Contemporary opinions, including those of Supreme Court Justice Antonin Scalia, say the idea of a state’s right to secede died with the hundreds of thousands of bloodied victims of the Civil War, and that the sentiment behind the dozens of petitions on a White House website seeking permission for most of the 50 individual governments to leave the union will be fruitless.
But historians would note that even Thomas Jefferson, a “pole star among political philosophers because he based his politics on the eternal, self-evidence, fundamental truths that all men are created free and equal and that they are endowed by their Creator with certain inherent and unalienable rights, among which are life, liberty and the pursuit of happiness,”
might be remembered for his opinion about states leaving the U.S.
It was in a letter to William B. Giles on Dec. 26, 1825, when Jefferson, who already had seen the fight over the states’ separation from England, the rise of a new nation and the tribulations it faced in its first decades, that he addressed the issue.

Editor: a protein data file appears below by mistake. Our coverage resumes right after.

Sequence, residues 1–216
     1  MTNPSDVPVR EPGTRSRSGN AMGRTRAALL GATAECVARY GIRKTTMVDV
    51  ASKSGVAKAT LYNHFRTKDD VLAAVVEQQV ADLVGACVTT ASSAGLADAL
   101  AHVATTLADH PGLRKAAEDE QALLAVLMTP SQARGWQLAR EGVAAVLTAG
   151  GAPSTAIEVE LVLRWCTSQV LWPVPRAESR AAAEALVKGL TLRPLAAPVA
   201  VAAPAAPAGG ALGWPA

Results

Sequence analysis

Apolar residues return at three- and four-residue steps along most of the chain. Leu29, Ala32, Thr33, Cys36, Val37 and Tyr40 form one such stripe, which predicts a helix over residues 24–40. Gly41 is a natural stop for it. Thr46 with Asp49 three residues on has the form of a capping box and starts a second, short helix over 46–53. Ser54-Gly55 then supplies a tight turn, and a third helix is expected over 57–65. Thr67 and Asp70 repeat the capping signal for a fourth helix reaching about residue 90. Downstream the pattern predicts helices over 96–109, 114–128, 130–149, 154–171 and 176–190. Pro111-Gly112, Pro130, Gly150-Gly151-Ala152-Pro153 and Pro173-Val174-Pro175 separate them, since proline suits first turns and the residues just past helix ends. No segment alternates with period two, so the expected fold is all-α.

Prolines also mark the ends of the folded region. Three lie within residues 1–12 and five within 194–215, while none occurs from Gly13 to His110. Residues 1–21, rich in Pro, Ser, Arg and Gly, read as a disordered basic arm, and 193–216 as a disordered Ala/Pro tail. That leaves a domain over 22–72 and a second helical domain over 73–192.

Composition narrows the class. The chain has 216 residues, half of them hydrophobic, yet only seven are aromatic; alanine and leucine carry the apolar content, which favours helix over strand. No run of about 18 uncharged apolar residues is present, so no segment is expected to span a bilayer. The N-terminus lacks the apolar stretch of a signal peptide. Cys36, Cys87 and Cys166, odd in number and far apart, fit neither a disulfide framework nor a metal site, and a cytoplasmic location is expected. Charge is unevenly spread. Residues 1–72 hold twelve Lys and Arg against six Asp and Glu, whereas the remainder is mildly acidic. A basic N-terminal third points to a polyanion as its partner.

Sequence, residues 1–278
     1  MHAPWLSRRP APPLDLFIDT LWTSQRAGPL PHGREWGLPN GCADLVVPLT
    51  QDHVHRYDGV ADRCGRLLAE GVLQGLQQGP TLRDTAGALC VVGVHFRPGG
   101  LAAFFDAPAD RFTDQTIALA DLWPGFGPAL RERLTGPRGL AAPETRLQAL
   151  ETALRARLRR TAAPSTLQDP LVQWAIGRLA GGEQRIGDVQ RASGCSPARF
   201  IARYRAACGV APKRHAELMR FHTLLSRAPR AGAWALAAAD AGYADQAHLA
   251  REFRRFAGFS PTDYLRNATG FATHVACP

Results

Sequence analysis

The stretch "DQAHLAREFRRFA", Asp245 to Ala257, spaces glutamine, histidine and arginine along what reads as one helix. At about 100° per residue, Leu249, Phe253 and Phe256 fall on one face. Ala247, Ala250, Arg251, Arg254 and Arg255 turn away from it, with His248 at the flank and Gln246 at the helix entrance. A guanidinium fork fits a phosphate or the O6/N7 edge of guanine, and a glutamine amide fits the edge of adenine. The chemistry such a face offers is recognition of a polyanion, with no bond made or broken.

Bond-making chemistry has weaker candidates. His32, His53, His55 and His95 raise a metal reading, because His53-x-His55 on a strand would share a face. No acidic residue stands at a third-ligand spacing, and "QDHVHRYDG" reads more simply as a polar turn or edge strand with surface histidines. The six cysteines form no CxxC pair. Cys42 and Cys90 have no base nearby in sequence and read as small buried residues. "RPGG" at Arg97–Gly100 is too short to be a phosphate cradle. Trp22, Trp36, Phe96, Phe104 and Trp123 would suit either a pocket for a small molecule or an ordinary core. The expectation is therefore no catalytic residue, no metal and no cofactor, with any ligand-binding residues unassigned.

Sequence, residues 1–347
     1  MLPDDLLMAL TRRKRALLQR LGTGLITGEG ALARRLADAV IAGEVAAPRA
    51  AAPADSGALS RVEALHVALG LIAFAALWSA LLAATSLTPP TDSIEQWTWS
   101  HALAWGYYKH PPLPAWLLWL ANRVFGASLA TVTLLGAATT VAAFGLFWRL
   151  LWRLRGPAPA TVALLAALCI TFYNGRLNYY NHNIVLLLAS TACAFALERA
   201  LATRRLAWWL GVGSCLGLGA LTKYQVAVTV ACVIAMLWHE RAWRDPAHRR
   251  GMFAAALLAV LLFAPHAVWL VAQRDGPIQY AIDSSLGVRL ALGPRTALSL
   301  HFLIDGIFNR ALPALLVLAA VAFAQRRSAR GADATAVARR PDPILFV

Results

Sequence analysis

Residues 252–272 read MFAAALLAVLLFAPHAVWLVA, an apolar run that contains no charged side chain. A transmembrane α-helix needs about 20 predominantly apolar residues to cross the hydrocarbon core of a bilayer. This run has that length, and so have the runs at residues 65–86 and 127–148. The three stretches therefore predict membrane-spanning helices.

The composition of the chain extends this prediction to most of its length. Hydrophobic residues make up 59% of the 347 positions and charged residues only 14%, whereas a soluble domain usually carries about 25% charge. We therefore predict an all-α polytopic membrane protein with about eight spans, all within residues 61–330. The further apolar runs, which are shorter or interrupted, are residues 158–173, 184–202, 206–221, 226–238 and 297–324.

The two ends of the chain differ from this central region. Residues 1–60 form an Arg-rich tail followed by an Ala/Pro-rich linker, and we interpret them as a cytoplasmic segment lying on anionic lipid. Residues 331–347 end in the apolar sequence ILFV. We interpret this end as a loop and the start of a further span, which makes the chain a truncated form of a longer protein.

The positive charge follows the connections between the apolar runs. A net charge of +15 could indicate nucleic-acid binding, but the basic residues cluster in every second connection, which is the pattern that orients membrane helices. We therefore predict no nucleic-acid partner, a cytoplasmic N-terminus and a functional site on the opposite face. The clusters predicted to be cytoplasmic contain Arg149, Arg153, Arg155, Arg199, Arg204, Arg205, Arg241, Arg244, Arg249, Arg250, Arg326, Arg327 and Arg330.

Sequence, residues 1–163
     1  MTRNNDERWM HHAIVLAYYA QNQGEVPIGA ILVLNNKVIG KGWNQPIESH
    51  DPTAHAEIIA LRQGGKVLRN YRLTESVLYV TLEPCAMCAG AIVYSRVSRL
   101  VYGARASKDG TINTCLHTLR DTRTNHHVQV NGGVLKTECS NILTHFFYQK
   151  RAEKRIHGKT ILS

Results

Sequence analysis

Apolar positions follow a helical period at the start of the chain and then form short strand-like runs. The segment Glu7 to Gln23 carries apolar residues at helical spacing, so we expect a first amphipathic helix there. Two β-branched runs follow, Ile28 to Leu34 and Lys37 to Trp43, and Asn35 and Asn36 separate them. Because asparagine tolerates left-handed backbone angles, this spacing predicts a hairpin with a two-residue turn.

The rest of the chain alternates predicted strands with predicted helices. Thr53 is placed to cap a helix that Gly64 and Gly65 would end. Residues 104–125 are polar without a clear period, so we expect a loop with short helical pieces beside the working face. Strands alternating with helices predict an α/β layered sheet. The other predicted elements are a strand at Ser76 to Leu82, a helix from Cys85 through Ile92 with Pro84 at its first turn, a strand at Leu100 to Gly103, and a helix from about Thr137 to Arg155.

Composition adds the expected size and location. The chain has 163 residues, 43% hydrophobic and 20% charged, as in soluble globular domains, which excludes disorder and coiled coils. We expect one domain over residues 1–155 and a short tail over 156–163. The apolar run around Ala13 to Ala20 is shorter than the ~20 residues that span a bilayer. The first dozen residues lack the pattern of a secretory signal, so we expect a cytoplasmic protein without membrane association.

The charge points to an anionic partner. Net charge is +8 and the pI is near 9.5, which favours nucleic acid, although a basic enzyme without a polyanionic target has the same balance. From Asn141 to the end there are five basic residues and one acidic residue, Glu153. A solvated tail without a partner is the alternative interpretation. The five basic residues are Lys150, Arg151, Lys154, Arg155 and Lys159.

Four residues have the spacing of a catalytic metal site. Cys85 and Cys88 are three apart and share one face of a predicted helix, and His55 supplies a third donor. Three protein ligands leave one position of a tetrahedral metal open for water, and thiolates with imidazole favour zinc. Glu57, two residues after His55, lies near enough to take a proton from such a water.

In a letter marked “not intended for the public eye,” he wrote that states “should separate from our companions only when the sole alternatives left, are the dissolution of our Union with them, or submission to a government without limitation of powers.”
He continued, “Between these two evils, when we must make a choice, there can be no hesitation.”
Bob Unruh, WND 19 Comments
[11/19/2012 3:31:30 PM]
Fundie Index: 22